The University of Plymouth International Marine Litter Research Unit have conducted research which contradicts the belief that biodegradable plastics can reduce ocean plastic pollution.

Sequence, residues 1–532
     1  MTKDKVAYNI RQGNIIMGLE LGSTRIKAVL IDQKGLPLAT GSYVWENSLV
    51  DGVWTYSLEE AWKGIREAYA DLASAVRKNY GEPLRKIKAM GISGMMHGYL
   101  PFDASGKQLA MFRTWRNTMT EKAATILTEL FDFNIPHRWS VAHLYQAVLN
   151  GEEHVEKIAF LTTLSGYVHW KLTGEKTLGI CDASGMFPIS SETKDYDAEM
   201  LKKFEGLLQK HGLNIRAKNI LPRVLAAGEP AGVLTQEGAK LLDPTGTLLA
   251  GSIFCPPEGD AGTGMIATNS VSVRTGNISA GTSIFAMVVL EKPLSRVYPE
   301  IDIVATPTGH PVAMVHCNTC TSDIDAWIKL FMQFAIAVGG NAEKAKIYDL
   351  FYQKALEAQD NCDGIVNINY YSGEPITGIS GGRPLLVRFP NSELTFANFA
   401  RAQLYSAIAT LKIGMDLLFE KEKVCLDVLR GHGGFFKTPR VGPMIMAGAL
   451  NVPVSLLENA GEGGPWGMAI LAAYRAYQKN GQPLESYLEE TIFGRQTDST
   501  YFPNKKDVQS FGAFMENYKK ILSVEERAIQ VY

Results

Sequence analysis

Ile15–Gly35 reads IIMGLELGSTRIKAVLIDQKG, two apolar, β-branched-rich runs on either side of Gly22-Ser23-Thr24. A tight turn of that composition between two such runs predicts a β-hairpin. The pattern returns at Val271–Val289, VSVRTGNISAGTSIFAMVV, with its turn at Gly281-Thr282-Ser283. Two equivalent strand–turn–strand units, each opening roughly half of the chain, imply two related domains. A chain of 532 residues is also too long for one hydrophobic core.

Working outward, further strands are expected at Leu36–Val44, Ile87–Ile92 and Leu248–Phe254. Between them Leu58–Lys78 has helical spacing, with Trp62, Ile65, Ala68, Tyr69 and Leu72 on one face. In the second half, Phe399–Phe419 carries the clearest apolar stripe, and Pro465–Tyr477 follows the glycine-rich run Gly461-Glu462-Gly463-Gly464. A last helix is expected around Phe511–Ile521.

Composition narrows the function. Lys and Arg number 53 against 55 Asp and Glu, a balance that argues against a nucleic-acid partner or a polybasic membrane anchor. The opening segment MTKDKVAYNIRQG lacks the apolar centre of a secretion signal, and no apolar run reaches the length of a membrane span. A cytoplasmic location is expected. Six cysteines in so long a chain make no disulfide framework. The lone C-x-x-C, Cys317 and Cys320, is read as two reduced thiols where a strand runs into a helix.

There is clear evidence that discarded single-use carrier bags are accumulating in the environment. As a result, various plastic formulations have been developed which state they deteriorate faster and/or have fewer impacts on the environment because their persistence is shorter. This study examined biodegradable, oxo-biodegradable, compostable, and high-density polyethylene (i.e., a conventional plastic carrier bag) materials over a 3 year period. These materials were exposed in three natural environments; open-air, buried in soil, and submersed in seawater, as well as in controlled laboratory conditions. In the marine environment, the compostable bag completely disappeared within 3 months. However, the same compostable bag type was still present in the soil environment after 27 months but could no longer hold weight without tearing. After 9 months exposure in the open-air, all bag materials had disintegrated into fragments. Collectively, our results showed that none of the bags could be relied upon to show any substantial deterioration over a 3 year period in all of the environments. It is therefore not clear that the oxo-biodegradable or biodegradable formulations provide sufficiently advanced rates of deterioration to be advantageous in the context of reducing marine litter, compared to conventional bags.